Wild Berry Pack: 3-Elderberry, 2-Serviceberry, 3-Flowering Rasp., 2-R. Mulberry in pack
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Elderberry: Grows well in consistently moist, fertile soils. They can tolerate occasional drought and temporarily wet soils, but aren’t a good choice for sandy or marshy spots. To get the most flowers and berries, plant elderberries in full sun, partial shade can be tolerated. Edible berries and flowers are great for culinary use and for wildlife.
Service Berry: Serviceberry are large shrubs or single- or multi-stemmed small trees. They are used as specimens and key plants in landscapes as well as in group plantings as borders, backdrops, and screens. Serviceberry provides year-round interest in white spring flowers, yellow to red fall foliage, smooth gray bark, and edible purple fruit. Also called Juneberries or Saskatoon berries, several Serviceberry species are native to Minnesota and other parts of the United States. They prefer full sun to full shade, prefer loam soils, tolerate sand and clay, and do best in lightly moist to moist soils.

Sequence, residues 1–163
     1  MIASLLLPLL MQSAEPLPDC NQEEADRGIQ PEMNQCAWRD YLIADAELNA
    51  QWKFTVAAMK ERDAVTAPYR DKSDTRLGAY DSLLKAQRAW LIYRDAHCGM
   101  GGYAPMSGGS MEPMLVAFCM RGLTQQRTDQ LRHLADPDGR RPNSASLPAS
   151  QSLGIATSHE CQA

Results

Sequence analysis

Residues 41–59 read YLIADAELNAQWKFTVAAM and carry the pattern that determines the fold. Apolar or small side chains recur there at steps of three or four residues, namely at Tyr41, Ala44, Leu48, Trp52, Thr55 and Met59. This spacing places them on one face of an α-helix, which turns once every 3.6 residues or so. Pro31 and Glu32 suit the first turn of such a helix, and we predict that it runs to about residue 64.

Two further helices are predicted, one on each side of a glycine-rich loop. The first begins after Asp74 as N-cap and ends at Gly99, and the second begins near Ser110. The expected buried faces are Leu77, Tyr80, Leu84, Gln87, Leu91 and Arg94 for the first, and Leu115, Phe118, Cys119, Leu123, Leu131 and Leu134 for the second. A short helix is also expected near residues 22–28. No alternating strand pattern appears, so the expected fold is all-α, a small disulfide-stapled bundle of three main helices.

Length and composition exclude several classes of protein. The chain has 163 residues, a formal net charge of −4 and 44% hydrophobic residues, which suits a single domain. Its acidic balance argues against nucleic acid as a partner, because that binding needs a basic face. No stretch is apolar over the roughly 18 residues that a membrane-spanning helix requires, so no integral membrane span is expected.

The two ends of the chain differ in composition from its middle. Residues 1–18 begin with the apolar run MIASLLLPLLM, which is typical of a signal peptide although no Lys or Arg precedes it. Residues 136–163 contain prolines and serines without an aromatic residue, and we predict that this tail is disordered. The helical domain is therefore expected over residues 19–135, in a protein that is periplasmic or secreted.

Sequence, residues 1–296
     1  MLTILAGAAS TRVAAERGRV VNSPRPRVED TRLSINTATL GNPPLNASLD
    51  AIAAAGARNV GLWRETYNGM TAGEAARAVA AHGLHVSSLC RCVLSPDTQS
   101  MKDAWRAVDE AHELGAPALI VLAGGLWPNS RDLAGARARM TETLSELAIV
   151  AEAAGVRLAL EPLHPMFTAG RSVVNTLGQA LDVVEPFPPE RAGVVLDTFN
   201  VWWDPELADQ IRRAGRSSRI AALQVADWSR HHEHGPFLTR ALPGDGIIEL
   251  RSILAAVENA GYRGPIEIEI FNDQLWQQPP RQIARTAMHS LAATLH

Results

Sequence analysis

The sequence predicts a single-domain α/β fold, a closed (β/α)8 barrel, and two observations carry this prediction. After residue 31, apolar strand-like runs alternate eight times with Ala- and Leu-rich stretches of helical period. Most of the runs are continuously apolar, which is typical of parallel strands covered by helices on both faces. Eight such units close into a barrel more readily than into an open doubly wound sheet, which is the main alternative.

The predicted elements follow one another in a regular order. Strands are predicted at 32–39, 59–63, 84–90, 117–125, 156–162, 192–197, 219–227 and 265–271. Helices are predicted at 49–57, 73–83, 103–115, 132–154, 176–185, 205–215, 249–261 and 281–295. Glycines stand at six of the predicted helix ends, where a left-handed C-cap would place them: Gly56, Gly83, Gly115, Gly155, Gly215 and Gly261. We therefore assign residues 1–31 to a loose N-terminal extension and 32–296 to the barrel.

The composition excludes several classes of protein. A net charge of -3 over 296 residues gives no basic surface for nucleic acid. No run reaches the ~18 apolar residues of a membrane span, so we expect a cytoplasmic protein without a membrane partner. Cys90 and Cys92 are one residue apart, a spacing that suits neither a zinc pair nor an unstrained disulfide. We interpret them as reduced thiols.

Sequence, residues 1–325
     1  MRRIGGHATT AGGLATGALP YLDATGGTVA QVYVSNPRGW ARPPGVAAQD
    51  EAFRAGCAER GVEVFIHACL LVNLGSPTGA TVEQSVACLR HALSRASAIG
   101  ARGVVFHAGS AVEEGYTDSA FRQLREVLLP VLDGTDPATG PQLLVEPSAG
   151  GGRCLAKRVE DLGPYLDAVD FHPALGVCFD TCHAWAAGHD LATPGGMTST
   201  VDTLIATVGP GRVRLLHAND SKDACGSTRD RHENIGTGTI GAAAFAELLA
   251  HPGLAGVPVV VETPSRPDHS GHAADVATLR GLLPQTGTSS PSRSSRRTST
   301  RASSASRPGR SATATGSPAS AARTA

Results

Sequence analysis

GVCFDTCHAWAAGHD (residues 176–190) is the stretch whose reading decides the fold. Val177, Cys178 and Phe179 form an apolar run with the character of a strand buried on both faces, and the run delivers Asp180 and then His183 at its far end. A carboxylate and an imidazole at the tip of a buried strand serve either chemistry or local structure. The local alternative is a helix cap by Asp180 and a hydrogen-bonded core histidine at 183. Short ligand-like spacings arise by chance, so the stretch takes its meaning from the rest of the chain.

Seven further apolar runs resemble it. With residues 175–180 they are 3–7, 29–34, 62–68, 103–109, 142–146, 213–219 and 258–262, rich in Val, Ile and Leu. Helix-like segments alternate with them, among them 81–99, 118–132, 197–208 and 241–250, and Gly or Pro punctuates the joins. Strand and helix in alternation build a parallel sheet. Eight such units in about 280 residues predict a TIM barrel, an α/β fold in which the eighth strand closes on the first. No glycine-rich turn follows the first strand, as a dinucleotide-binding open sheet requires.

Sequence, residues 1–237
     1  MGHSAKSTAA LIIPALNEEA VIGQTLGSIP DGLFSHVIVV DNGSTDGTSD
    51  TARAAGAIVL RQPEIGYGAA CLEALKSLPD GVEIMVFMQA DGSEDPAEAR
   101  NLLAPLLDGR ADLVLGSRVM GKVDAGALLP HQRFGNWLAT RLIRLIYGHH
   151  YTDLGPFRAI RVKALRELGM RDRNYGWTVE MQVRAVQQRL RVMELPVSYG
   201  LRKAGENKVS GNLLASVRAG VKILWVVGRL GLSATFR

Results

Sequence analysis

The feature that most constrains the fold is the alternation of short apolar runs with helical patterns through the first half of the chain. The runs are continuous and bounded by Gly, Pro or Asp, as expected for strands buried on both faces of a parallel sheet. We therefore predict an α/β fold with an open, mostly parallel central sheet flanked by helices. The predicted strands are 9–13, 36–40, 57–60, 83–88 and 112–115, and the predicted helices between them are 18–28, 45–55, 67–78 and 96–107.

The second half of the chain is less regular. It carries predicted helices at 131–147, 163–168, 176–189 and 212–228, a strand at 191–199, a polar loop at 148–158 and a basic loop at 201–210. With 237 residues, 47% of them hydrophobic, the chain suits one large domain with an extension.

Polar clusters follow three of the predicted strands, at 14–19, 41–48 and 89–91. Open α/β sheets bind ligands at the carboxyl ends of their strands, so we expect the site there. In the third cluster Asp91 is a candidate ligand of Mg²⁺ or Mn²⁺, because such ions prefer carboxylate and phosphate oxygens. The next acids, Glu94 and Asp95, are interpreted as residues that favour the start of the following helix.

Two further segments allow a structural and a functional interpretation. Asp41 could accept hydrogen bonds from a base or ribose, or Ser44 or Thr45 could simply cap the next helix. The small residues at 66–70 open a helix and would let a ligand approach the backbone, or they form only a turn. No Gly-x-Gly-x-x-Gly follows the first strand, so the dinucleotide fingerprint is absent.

Raspberry: Early spring is the best time to plant raspberries. Choose a planting site that is in full sun. The plants will grow in part shade, but will not produce as much fruit. Raspberries prefer rich, well-drained soil. A few inches of compost mixed into the soil prior to planting will create a high-quality planting site.
Mulberry: Plant mulberry trees in spring in full to part sun location on well-drained, compost-amended soil. They’re forgiving of poor soil conditions. Space large trees at least 30 feet apart and smaller trees 10 to 15 feet. Mulberries are great for birds and human consumption alike.